Summary: Jesus gives his disciples hope. A sure, certain promise for the future. He’s telling them that their pain will turn to joy.

Sermon by Rev George Hemmings

I wonder how you felt last night as you were winding your clocks back? As you contemplated how great an extra hour of sleep would be. After I’d adjusted the clock on the oven, and the microwave, after Sarah fixed the clock-radio by our bed, as we thought about the promise that the future held, we knew we didn’t have a hope! Even though I’d changed the gro-clock in Micah and Joshua’s room, we knew we didn’t have a hope of getting them to stay in bed for longer, let alone convincing Jacob that he could go an extra hour before needing milk. Hope is the expectation that our desires will be fulfilled. It’s future focused, and our future didn’t look great. And without hope, it’s hard to have any lasting joy. So when we feel hopeless, truly hopeless, it’s hard to carry on.

The disciples were a pretty hopeless bunch. They’re just a gaggle of former fishermen and retired taxmen. They’ve enjoyed a few good years in the sun, but all that’s about to change. They didn’t realise it when they sat down, but this is their last meal with Jesus. And think about what he’s spent the meal talking about. He’s told them he’s about to abandon them, that he’s returning to his Father. He’s told them that one of them will betray him. He’s told them that Peter, one of the inner circle will deny him. And he’s just told them they’re all about to have a rough time, as the world will persecute them! Talk about hopeless! What hope do they have for the future? Without their friend and leader, with the best and the brightest of them in doubt, with the world arrayed against them? It’s true that along the way Jesus has spoken words of comfort, has promised that his going away is all for their good, and that he’s going to send another advocate, the Holy Spirit, to guide, empower and equip them. But none of that has sunk in. Jesus’s been speaking in figures, in difficult words, saying things that they just can’t understand yet.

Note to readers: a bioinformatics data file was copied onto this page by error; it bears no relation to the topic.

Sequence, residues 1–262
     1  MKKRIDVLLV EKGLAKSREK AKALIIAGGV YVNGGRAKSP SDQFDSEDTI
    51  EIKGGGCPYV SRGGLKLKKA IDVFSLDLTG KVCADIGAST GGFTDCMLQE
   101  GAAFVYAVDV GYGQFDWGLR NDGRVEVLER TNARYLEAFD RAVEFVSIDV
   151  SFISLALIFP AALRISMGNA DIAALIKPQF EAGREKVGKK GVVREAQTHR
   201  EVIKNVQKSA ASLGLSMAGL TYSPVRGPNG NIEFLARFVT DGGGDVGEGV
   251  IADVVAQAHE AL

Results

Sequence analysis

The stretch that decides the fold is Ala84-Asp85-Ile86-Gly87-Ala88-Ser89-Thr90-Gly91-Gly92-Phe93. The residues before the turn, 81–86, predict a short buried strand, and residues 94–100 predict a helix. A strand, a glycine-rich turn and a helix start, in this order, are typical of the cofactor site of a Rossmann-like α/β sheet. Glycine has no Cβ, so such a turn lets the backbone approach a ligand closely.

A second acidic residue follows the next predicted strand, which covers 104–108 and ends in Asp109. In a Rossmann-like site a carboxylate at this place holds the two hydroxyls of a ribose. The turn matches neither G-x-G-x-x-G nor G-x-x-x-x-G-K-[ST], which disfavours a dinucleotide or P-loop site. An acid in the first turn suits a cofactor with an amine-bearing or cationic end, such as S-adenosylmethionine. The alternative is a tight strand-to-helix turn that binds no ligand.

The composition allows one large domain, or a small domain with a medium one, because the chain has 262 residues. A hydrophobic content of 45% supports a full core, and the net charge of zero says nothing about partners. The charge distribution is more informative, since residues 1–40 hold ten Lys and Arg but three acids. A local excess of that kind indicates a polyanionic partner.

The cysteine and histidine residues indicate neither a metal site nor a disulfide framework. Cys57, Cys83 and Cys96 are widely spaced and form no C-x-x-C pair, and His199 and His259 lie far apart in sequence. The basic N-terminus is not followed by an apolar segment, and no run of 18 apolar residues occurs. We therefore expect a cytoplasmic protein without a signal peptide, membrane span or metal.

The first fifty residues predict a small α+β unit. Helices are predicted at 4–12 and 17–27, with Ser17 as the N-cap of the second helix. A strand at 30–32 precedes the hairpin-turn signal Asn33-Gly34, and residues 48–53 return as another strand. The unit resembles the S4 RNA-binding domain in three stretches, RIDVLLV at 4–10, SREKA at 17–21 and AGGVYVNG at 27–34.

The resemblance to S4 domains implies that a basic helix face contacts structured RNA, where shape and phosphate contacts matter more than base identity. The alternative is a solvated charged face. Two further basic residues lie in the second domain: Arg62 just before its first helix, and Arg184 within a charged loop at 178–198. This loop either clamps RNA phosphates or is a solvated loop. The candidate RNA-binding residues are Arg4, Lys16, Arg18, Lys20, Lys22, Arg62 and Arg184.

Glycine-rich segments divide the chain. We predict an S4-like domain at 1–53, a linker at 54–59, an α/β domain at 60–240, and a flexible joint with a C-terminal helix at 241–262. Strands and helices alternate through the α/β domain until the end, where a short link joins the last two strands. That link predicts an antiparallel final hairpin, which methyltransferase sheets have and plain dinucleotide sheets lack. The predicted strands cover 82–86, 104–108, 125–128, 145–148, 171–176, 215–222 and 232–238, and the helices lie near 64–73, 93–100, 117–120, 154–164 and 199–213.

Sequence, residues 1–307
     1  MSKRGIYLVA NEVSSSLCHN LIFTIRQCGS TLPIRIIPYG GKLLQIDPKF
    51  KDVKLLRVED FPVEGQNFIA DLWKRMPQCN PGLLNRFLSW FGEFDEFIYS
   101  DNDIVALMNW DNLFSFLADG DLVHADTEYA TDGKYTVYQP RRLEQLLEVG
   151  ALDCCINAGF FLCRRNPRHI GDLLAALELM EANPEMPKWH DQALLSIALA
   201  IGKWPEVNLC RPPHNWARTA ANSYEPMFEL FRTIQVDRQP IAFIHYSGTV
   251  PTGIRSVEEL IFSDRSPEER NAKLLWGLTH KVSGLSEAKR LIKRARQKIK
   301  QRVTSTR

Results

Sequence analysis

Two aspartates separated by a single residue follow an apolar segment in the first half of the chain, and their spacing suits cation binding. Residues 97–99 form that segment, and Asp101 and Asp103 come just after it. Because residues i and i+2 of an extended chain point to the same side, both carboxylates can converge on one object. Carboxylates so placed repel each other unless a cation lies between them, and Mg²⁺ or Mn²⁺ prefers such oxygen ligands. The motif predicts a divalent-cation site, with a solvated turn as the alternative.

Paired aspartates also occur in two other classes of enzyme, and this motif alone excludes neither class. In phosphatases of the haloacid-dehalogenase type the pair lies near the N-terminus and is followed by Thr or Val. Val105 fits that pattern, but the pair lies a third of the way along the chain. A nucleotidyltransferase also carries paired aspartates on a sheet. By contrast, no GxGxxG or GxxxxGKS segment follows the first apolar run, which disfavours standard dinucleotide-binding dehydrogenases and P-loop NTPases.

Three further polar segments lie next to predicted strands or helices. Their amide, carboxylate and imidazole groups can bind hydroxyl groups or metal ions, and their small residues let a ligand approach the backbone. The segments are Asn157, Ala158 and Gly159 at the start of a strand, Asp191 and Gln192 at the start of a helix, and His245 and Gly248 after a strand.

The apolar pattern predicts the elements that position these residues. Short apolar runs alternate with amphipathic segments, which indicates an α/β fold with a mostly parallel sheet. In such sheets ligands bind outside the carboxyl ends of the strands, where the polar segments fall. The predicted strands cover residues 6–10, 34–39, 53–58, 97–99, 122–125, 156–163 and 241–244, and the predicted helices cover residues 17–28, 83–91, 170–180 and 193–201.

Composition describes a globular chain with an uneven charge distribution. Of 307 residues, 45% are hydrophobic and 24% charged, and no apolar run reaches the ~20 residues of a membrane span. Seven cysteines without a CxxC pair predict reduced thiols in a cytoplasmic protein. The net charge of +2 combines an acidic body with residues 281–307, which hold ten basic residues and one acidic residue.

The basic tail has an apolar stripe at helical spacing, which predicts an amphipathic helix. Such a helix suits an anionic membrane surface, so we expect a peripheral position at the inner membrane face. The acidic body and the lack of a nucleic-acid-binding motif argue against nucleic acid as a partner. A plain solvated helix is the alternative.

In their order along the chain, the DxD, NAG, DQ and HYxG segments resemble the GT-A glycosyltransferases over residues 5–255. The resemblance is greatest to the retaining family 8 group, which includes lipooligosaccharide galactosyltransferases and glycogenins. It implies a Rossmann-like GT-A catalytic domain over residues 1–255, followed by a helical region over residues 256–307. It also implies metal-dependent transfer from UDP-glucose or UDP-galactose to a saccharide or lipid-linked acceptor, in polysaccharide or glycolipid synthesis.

As the meal draws to an end, Jesus has one more confusing thing to say to them. ‘A little while, and you will no longer see me, and again a little while, and you will see me.’ What is he on about? What’s he saying now. It’s like a riddle. What gets bigger the more you take away? (A hole.) Like a riddle, the disciples try to figure out for themselves what Jesus is talking about. They begin to say, ‘What’s he on about? What does he mean, a little while and you will no longer see me and a little while and you will see me?’ It’s clear he’s not talking about playing hide and seek. They’ve got some ideas about what he might mean. They’re wondering if this has anything to do with him saying that he must go back to the Father as he mentioned back in verse 5. But, even though Jesus had gently rebuked them for not asking what he meant when he said he was going back to the Father, they’re not ready to ask about the meaning of the riddle just yet. They know the key is in what Jesus meant by ‘a little while’ as verse 18 makes clear. They just can’t work it out! Well, they’ve been talking about this amongst themselves, perhaps while Jesus was out of the room, but he knows what they’ve been wondering. He isn’t confused. He knows they want to know what he knows. He knows what’s on their mind and he takes the initiative. He doesn’t need them to ask him any questions, he already knows what they want to know. He says, ‘Are you discussing among yourselves what I meant when I said, ‘A little while and you will no longer see me, and a again a little while and you will see me?’ As if he really needs to ask the question. He already knows the answer is yes.

Then Jesus takes the time to explain it to them. He tells them it’s about sorrow and joy. It’s going to start with their sorrow and the world’s joy. In a little while they won’t see him anymore, and they’ll weep and mourn. But it’s not just general sadness, it’s the kind of weeping and mourning that comes with the death of a loved one. They’re the same words that were used back in chapter 11 to talk of the death of Lazarus. And in John 20, the same words describe Mary’s reaction at finding the empty tomb. In just a little while the disciples will weep and mourn, at the death of Jesus. The perverse thing was that while they did so the world rejoiced. Remember John uses ‘the world’ to describe those opposed to God and his kingdom. The scribes and Pharisees, the High priest and his cronies were celebrating after the crucifixion of Jesus. They thought they’d just gotten rid of a rabble-rouser, a renegade Rabbi. They were busy celebrating, while the disciples were mourning the loss of their leader and friend.

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